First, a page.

One issue that is often unclear in the indemnification section of the merger agreement is whether attorneys’ fees incurred by a buyer related to a claim constitute damages. Most merger agreements are clear that when the buyer controls an indemnifiable third-party dispute, any legal fees reasonably incurred are recoverable from the escrow. However, there are other situations that often are not addressed, such as whether the buyer’s legal fees are recoverable when:
- The shareholder representative controls a third-party claim but the buyer chooses to retain separate counsel.
- The underlying third-party claim has no merit and/or results in no liability.
- There is no dispute over indemnification for a direct claim (e.g., when the parent company has outside counsel submit its claim for indemnification and claims fees for preparation of the claim).
- The claim is not subject to indemnification under the terms of the merger agreement.
According to the 2018 SRS Acquiom M&A Claims Study, 20% of all claims relate to the buyer looking to recover fees and expenses incurred in connection with the issue rather than losses related to the issue itself. Therefore, these scenarios are not uncommon. These requests for reimbursement of fees can be difficult for selling shareholders to accept intellectually because shareholders may not understand why they need to pay for an attorney if, for instance, the claim is simply accepted or if no representation or warranty has been breached. In those situations, the sellers will either say that the attorney wasn’t necessary because there was no dispute or there is no indemnifiable issue. Buyers, on the other hand, may assert that they have spent real dollars on a matter related to the merger and should be made whole.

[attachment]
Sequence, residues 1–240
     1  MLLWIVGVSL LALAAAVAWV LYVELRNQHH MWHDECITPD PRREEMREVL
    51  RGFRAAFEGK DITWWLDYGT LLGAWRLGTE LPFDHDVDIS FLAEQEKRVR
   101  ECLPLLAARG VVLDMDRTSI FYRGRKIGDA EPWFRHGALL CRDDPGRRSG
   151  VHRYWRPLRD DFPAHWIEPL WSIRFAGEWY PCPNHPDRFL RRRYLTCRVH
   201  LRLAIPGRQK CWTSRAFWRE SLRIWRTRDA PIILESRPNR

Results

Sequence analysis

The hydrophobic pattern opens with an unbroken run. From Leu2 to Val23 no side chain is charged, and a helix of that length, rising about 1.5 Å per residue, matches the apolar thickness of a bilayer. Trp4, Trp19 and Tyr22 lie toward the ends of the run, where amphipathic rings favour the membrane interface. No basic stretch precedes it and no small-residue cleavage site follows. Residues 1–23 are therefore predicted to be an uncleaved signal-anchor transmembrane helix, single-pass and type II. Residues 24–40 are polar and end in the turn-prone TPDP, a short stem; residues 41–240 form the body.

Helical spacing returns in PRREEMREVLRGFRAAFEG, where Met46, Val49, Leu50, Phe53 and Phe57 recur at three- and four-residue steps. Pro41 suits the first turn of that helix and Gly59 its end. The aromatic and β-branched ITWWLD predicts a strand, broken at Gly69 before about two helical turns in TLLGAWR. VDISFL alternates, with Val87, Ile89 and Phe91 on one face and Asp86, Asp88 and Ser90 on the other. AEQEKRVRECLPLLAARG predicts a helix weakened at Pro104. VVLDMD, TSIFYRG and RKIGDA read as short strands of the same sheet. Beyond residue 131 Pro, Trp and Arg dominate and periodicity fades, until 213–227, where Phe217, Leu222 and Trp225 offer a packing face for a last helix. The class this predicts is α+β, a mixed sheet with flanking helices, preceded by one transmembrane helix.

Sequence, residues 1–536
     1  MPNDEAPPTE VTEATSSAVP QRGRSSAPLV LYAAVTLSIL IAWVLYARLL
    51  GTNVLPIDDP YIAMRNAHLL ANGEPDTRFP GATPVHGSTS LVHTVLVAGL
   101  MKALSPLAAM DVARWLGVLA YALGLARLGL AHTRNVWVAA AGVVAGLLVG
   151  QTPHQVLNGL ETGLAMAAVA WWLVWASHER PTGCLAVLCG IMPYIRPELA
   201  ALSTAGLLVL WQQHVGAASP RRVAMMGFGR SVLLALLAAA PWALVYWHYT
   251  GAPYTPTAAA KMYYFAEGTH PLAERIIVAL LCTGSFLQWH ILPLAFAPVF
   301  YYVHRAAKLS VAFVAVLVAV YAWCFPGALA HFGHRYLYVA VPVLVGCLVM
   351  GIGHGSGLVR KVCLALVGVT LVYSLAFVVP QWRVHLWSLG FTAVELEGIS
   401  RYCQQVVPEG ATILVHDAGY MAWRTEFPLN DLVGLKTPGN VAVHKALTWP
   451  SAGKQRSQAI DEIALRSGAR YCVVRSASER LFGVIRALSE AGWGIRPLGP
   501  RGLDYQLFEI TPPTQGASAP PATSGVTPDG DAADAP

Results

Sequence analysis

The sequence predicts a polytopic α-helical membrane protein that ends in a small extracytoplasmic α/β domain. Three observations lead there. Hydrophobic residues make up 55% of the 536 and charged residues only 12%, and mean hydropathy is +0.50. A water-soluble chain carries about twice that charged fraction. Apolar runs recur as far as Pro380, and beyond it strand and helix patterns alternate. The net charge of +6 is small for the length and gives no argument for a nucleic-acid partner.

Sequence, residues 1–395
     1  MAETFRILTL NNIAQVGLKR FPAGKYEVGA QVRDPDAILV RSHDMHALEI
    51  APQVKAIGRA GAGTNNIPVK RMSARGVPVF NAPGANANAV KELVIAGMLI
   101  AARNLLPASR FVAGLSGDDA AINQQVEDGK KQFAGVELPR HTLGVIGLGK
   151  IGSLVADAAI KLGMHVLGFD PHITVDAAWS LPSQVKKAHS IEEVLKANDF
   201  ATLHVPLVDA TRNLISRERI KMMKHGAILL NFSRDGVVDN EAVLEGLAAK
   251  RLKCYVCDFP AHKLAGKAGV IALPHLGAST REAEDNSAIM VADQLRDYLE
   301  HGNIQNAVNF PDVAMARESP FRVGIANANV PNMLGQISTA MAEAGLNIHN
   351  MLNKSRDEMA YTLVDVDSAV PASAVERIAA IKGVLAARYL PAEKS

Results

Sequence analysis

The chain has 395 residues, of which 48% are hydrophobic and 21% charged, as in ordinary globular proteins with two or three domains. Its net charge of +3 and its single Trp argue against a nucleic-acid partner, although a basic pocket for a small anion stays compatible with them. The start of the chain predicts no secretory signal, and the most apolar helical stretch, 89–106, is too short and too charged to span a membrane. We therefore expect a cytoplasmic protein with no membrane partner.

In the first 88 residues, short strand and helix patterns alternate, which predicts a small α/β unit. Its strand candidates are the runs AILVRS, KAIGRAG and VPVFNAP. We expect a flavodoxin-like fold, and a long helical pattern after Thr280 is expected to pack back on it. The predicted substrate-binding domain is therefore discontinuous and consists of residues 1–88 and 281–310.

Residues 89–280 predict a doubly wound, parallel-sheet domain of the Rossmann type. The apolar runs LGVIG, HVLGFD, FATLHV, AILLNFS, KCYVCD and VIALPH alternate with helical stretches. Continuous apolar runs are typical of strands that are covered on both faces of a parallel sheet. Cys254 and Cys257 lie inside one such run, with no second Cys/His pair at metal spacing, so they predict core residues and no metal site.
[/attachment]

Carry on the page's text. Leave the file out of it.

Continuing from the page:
20% of all claims relate to the buyer looking to recover fees and expenses incurred in connection with the issue rather than losses related to the issue itself.
Sellers may also want legal expenses incurred by the shareholder representative to be construed as damages and therefore be paid out of the escrow fund. Absent specific language authorizing these types of payments, buyers will rarely agree, which is why establishing a robust expense fund or clear mechanism for payment of these fees out of escrow is important. If there is a lack of clarity on these issues, it often creates a secondary dispute that could have been avoided by addressing these scenarios in drafting.